Players in the insurance sector in India have expressed surprise that more liberal foreign direct investment (FDI) rules in the industry failed to gain any mention in the Budget 2020-21 which was unveiled last week.
The government’s silence on the issue is unexpected because officials had been working on the proposal for six to eight months, reported The Indian Express. A government document had proposed that FDI up to 74% should be allowed with necessary government approvals, above the current 49% limit permitted under a so-called automatic-approval route.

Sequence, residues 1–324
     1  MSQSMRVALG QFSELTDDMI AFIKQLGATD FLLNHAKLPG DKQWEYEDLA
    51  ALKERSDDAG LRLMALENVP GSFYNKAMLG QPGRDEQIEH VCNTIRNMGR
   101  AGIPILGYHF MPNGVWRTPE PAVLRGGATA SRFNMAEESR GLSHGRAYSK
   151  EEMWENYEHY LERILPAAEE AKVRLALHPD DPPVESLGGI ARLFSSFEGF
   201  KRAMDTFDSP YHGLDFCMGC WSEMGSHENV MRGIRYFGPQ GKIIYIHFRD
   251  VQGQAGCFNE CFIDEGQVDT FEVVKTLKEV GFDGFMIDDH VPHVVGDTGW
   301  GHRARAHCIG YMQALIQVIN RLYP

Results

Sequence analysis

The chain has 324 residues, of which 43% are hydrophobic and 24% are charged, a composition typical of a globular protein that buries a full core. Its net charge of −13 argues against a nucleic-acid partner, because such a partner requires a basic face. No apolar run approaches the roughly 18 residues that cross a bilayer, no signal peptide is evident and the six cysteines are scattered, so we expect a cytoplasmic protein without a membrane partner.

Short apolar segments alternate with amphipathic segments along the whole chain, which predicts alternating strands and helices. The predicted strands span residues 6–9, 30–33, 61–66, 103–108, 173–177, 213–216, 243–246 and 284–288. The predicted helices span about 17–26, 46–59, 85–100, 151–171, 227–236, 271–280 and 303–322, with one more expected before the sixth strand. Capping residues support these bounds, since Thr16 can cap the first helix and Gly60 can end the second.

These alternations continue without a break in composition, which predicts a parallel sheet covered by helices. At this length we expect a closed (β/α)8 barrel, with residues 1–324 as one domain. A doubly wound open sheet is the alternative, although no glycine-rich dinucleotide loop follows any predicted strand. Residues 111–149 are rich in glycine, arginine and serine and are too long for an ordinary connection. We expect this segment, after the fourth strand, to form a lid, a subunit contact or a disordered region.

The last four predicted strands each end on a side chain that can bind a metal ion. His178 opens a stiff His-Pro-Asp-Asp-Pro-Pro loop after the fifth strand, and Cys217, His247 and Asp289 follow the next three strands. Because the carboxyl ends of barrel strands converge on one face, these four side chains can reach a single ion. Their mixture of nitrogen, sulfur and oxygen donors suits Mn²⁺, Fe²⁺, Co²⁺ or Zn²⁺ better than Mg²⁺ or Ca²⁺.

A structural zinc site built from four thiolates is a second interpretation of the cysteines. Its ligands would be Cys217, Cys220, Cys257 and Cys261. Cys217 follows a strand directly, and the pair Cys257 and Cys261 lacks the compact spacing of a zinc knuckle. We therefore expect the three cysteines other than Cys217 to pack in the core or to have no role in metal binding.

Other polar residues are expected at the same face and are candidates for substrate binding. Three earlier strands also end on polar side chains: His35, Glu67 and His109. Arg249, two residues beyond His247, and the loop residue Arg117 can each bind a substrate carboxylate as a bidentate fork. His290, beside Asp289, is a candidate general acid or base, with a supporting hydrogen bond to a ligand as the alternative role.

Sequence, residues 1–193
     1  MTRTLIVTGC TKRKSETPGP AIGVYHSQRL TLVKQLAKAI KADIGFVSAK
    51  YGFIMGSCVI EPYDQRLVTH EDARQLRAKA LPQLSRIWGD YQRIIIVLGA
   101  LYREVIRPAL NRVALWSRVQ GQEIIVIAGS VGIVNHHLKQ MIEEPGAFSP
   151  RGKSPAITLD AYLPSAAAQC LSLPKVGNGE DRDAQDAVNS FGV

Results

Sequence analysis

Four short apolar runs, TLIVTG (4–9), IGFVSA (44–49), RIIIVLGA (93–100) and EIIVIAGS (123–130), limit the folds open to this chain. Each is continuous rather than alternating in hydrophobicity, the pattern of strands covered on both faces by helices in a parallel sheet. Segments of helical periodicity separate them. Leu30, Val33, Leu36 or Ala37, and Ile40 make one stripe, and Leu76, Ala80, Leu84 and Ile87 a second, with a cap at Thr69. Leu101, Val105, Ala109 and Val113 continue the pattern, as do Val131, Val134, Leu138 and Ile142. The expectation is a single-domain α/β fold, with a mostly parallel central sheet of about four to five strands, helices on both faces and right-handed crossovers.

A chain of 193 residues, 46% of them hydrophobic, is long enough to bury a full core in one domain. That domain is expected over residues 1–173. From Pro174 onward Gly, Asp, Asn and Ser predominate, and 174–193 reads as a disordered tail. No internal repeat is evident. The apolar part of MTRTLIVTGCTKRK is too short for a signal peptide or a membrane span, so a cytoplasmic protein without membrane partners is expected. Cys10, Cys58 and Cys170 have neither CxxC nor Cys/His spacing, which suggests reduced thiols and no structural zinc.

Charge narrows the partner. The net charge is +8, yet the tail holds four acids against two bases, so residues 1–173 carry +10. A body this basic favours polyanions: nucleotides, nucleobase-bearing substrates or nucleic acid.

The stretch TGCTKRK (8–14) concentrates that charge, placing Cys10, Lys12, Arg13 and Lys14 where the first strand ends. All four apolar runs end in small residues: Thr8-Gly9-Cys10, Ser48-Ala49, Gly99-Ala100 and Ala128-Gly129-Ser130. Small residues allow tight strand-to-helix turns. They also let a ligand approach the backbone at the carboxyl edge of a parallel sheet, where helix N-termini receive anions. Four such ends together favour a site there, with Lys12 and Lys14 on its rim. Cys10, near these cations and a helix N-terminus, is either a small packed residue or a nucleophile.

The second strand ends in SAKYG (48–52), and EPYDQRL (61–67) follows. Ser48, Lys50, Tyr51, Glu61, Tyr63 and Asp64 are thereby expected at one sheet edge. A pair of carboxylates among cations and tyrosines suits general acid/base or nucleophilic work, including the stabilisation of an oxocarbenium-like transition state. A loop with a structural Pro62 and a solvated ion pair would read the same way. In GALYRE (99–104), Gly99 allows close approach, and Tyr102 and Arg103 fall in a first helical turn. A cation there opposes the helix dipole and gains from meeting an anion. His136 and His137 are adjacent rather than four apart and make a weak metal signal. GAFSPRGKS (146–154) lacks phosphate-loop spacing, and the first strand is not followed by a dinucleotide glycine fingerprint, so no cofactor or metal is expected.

The domestic insurance industry had eagerly waited for Finance Minister Nirmala Sitharaman to raise the FDI ceiling in her Budget speech on 1 February.
The government last year allowed 100% FDI in insurance intermediaries like brokers and third party administrators, as a precursor to the hike in the FDI cap to 74% for insurers.
“The timing for such a move was quite ripe as not only does the government want a larger FDI inflow into the country, the private sector insurance industry also is badly in need for capital to maintain growth,” said an official.
The Life Insurance Council, in a pre-Budget survey, had found that all life insurance players favoured the higher FDI ceiling of 74% and some even wished for 100%.